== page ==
Millennials

With their reputation for decent schools, lower crime, and affordable housing, suburbs can be an attractive prospect for young families. Can cities retain that demographic? Should they?
May 16, 2015   The Washington Post
With the recently released America in 2015 report, the Urban Land Institute undertakes a broad survey to discover what Americans are looking for in their communities.
May 12, 2015   Next City
Joseph Stomberg of Vox has initiated a series of articles on commuting in America, the first based on the issues explaining the domination of the auto, the second on the debate about the driving decline associated with millennials.
May 3, 2015   Vox
Joel Kotkin recently waded into the conversation about that it will take to return Legacy Cities into the prosperity of former years.
Apr 26, 2015   The Plain Dealer
HotPads, an apartment listing site, has produced a new study finding the cities with the highest rent burden for residents in their 20s. Ana Swanson reports on the study and provides insight into its findings.
Apr 8, 2015   The Washington Post - Wonkblog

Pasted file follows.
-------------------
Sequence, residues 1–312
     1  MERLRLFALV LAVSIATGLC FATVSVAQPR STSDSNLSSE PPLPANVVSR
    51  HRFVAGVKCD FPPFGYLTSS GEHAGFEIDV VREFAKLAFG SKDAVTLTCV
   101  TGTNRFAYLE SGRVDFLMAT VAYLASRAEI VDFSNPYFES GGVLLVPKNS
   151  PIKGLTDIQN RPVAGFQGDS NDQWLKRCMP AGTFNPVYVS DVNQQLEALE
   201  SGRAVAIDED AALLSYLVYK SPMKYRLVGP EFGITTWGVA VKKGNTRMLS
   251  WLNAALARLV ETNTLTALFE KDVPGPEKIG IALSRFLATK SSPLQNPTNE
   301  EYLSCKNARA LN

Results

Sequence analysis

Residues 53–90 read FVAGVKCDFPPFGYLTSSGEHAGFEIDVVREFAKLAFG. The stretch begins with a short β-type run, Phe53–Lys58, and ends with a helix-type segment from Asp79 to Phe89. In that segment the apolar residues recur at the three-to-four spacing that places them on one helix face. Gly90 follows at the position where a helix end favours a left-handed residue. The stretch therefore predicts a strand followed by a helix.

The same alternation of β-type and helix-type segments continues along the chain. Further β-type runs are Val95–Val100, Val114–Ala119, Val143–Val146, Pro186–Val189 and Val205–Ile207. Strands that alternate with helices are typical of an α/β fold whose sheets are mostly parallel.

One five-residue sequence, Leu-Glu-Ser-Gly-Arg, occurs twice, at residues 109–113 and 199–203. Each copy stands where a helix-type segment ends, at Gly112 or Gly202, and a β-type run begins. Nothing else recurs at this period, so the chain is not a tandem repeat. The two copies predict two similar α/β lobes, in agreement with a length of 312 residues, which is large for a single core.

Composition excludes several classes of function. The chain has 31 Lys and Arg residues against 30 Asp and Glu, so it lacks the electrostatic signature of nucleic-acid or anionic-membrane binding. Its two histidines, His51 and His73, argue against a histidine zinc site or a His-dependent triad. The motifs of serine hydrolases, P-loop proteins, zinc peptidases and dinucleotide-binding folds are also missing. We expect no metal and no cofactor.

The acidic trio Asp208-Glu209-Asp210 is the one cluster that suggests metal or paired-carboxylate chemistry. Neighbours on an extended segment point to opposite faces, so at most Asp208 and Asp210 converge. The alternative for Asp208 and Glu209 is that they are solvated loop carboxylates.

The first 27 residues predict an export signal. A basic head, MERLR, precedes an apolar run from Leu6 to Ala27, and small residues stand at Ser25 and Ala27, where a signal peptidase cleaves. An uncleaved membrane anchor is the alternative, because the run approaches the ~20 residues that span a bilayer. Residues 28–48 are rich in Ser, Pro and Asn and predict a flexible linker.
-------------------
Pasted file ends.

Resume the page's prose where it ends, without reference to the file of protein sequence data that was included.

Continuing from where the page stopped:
The Atlanta Regional Commission is engaging Millennials in an ongoing planning effort that will determine the shape of the region through 2040.
Mar 13, 2015   Atlanta Regional Commission
Data from Washington D.C. shows how the demographics of eastern neighborhoods have shifted heavily toward childless singles over the past decade.
Mar 1, 2015   District Measured
Most of Florida has a reputation as the place northeasterners go to retire. A new study from NerdWallet, however, points out the best places to look in the state if you're young and looking to start a career.
Feb 2, 2015   Tampa Bay Times
A recent spate of articles pronounced the resurrection of the suburb, so CityLab laid the false dichotomies that drive such proclamations to rest.
Jan 28, 2015   CityLab
Blog Post
In recent months there’s been a lot of talk about dead suburban malls and what we should do with them. Blog Post
Jan 25, 2015   By Dean Saitta
For a variety of economic reasons in addition to urban preferences, young people are not leaving the country's three major metropolitan areas: New York, Los Angeles, and Chicago, and that's not good for the nation's economy nor the individuals.
Jan 23, 2015   The Wall Street Journal